Dog Care Subsidy Program (DCS)


What is the Dog Care Subsidy (DCS) Program?

An  ACMKC program that provides funds to selected veterinarians in our area so that veterinarians can use the funds to pay for part or all of the cost of a treatment for dogs owned by people who could not otherwise pay for the treatments.


The idea of the DCS program began in December 2019 after the club’s annual agility trial. It was suggested that proceeds from the agility trial could be used to start this program to help dogs in our area receive treatments if their owners could not afford the treatments. 

How is the DCS program funded?

Proceeds from the club’s yearly agility trials help fund the program. In addition to that money, the ACMKC board of directors supports the program by budgeting additional funds for the program. Recently, personal donations have also contributed to the size of the fund.

How are veterinarians chosen?

ACMKC members nominate veterinarians that they feel will benefit from being in the program. A nomination form is filled out and sent to the DCS program committee and the committee chooses 3 veterinarians to be enrolled in the program each year.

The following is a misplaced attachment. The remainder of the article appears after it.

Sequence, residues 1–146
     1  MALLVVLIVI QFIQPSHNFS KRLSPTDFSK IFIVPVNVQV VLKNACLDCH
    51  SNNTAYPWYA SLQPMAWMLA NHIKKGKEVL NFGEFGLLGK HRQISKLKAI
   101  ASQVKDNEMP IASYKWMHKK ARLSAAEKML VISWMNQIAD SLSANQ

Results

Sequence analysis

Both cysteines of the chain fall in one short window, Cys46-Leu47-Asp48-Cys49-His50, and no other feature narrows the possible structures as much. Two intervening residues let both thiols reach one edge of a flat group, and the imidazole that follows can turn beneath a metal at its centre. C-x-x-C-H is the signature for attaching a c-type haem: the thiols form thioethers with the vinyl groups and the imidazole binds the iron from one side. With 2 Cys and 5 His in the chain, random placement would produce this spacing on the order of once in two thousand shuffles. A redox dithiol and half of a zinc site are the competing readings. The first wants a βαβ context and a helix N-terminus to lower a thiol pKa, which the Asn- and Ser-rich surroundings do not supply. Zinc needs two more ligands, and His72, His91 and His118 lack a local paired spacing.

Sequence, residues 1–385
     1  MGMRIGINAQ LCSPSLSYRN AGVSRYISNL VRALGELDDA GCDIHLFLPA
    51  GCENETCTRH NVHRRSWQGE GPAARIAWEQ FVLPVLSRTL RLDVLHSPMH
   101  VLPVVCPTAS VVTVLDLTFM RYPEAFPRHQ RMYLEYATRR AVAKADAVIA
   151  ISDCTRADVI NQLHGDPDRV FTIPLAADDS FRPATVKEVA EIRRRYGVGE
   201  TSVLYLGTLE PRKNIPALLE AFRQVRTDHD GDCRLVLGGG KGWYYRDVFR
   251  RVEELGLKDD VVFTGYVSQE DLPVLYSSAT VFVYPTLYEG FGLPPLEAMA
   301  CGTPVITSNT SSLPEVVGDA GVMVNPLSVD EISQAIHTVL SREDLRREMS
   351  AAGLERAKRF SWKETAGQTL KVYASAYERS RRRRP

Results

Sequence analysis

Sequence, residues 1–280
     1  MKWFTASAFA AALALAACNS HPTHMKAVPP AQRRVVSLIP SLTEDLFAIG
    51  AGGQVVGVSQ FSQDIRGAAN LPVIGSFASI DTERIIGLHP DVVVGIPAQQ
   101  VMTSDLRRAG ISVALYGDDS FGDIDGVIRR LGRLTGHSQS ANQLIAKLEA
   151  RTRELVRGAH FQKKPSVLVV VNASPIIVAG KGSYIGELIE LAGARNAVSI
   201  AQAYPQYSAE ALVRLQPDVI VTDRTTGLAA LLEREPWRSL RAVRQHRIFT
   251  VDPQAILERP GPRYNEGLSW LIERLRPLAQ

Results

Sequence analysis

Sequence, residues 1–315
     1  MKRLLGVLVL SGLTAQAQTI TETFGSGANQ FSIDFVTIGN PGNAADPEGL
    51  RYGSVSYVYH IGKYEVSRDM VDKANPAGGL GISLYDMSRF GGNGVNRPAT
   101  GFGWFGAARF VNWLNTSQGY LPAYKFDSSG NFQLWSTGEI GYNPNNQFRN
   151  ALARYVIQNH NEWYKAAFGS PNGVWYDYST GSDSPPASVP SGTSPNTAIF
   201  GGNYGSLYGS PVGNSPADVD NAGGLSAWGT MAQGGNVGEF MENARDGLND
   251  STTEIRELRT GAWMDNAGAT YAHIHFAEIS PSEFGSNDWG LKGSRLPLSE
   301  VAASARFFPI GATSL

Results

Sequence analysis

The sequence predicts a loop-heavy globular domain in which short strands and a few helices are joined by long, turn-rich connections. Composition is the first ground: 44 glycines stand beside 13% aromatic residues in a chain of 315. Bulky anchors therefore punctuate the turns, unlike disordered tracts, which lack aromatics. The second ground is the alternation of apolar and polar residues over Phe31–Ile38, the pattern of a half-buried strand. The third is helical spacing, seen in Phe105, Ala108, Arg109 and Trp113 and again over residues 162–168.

How much money do the veterinarians receive?

Veterinarians receive a minimum of $500 up to $1000 depending on the amount collected and budgeted for each calendar year.

Number of veterinarians that have been enrolled in the program so far:


Some stories of dogs who have benefited from the DCS program:

  • A mammary tumor was removed from a dog after it was discovered. Removing the tumor helped prolong the life of the dog.
  • A very expensive allergy shot was given to an allergic dog and the shot provided immediate relief to the dog.
  • A dog came into a clinic with immune mediated hemolytic anemia. The treatment was not affordable to the owner so DCS funds were used to pay for the treatment which improved the quality of life for the dog drastically.
  • A 16 month old dog was attacked by another dog which resulted in the 16 month old dog having a fractured tibia/fibula. DCS funds were used to repair the fracture.
  • DCS funds were used on a dog to pay for x-rays to see if a dog had cancer.
  • A dog was hit by a car and needed it’s leg amputated. Without the DCS funds, the owner would have had to put down the dog. Because of this program, funds were used to pay for the surgery to amputate the leg and the dog survived.


For more information about this program, please email Laurie at: